Dr. Kari Reeves
A future in higher education did not always top the list of career options for Dr. Kari Reeves. With a career in the engineering industry looming after receiving her master’s degree, Reeves decided to stay at the university where she could pursue research opportunities.
“I could go into industry and solve the same problem over and over again or I could go into education where I could do research and solve a new problem every 3-4 years and then pass on that knowledge to others,” Reeves said.
Reeves is an Industrial and Systems Engineer who specializes in human factors, ergonomics, and safety. The daughter of a beautician and auto body mechanic, Reeves studies occupational ergonomics focusing on musculoskeletal disorder prevention and control. She says watching her parents’ careers take a toll on their bodies made her want to find ways to help others through ergonomics.
As one of six children, Reeves always knew she would have to find a way to pay for her education. She did that through athletics and academics. Reeves was a student athlete at Southwest Mississippi Community College on both the tennis and basketball teams before coming to Mississippi State University to pursue her bachelor’s degree.
Reeves received her PhD, MS, and BS degrees in Industrial Engineering from Mississippi State University in 2000, 1998, and 1995 respectively. She joined the Industrial and Systems Engineering Faculty in June 2006. Prior to joining MSU, Dr. Reeves was an assistant professor in the Grado Department of Industrial and Systems Engineering at Virginia Tech. Though her teaching responsibilities are minimal due to her role as Associated Dean, she does teach the Master of Engineering capstone course. Her very first online class as an educator at MSU was in 2007.
Reeves, considered a champion of online education, believes there should be no difference between learning online versus in the classroom with delivery of very complicated content that builds upon itself. One of the greatest benefits Reeves sees in online education is the flexibility. She routinely sees full-time engineers, limited by time and the number of classes they can take due to other life demands, commit to advancing their career through MSU’s online engineering programs.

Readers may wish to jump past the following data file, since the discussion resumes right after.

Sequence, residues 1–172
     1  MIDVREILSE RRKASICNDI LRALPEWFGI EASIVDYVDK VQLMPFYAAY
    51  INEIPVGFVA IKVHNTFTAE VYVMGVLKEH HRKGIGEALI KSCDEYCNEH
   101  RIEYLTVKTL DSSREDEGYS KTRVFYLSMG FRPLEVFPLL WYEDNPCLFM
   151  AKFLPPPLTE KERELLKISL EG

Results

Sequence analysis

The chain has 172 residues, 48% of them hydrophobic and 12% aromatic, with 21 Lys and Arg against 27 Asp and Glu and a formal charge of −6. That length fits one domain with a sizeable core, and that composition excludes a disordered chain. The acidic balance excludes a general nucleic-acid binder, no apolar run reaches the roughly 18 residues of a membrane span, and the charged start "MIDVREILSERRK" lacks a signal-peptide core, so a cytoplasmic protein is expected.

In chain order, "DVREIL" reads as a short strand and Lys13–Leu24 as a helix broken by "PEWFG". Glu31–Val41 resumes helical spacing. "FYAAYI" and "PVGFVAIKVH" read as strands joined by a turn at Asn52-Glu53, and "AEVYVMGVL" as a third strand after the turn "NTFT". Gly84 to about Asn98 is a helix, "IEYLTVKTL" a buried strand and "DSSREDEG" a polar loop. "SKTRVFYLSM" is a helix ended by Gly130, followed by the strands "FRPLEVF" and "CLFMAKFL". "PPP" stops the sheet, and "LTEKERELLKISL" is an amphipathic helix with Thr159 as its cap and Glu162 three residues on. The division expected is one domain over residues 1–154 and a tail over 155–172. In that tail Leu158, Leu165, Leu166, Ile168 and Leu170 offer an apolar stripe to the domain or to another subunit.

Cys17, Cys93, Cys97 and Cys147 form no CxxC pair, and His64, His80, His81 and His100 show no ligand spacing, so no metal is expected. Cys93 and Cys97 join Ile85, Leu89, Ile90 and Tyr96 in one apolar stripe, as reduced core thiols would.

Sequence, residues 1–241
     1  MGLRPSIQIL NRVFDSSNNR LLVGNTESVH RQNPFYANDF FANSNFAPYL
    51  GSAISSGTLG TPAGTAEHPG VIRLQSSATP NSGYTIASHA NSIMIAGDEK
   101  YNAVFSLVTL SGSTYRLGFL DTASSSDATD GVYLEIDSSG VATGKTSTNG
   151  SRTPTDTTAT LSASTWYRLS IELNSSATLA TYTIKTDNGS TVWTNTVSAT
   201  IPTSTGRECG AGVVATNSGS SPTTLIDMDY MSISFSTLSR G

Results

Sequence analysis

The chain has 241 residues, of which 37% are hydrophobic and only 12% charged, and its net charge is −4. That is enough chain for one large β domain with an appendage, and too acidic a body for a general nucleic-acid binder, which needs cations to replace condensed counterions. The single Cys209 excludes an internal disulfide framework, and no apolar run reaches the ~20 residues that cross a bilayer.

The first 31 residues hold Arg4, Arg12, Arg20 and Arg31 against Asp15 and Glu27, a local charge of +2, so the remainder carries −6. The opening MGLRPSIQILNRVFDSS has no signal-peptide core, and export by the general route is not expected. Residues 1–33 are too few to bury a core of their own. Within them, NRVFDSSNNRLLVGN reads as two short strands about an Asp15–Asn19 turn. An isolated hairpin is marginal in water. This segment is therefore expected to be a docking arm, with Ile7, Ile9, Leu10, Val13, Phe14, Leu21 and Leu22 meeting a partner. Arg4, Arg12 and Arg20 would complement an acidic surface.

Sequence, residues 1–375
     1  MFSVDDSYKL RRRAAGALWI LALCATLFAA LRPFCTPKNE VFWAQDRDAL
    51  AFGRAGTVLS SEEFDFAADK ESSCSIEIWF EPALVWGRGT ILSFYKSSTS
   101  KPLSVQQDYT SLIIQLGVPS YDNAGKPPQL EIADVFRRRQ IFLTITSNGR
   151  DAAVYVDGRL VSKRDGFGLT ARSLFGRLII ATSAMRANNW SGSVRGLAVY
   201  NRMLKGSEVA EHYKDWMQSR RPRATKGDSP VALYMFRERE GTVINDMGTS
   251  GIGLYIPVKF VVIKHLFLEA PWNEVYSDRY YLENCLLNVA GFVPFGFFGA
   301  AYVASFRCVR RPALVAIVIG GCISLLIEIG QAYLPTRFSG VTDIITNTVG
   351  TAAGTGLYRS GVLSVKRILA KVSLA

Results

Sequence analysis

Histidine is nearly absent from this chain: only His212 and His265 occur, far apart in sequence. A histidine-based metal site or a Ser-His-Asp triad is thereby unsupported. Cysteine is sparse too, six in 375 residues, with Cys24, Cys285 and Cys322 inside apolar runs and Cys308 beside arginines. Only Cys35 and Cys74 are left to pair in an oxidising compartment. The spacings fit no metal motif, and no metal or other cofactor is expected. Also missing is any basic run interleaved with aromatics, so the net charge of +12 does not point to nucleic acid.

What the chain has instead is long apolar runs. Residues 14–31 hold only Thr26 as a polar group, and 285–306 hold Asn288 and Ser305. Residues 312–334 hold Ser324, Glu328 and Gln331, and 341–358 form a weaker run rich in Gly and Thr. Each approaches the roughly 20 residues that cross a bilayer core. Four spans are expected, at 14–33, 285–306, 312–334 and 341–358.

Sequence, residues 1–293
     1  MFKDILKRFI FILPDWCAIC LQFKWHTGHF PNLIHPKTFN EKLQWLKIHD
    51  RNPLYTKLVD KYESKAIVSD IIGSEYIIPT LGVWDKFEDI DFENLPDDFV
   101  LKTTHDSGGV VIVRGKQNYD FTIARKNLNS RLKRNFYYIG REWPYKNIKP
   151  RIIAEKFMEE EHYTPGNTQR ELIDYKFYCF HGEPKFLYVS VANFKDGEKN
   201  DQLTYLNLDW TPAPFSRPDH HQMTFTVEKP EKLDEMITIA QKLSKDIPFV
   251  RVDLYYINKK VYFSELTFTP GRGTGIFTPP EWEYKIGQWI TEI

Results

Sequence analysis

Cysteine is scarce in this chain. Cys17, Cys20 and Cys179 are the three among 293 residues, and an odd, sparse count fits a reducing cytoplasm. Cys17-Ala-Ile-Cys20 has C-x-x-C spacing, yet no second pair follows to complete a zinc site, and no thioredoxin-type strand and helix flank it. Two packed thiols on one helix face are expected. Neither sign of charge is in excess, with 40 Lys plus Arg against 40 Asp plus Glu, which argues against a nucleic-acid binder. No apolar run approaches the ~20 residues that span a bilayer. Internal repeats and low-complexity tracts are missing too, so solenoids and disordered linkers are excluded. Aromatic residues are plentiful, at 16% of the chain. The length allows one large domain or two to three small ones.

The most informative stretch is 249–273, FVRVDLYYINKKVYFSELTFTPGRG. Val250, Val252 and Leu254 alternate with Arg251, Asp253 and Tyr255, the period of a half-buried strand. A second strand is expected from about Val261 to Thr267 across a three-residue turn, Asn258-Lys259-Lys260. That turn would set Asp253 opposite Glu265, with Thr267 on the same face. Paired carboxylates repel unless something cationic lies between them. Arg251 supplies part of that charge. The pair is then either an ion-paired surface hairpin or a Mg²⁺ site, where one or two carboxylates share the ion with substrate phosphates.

Reeves estimates that 99.9 percent of upper level and graduate engineering classes have team projects as requirements, and the best projects are those with on-campus students paired with online students. Overall, the biggest difference she sees between the two is the way they approach their projects. Traditional students are very innovative and forward thinking while her online students bring their real-world practicality to problem solving. Combining these approaches results in really interesting but feasible solutions to problems.
As for the future of online engineering courses, Reeves says, “Engineering doesn’t follow the rules. We are looking for ways to get hands on experience through a virtual environment without residency requirements for our online students.” To learn more about the online graduate programs MSU offers in Engineering, visit the Bagley College of Engineering's Online Education Hub.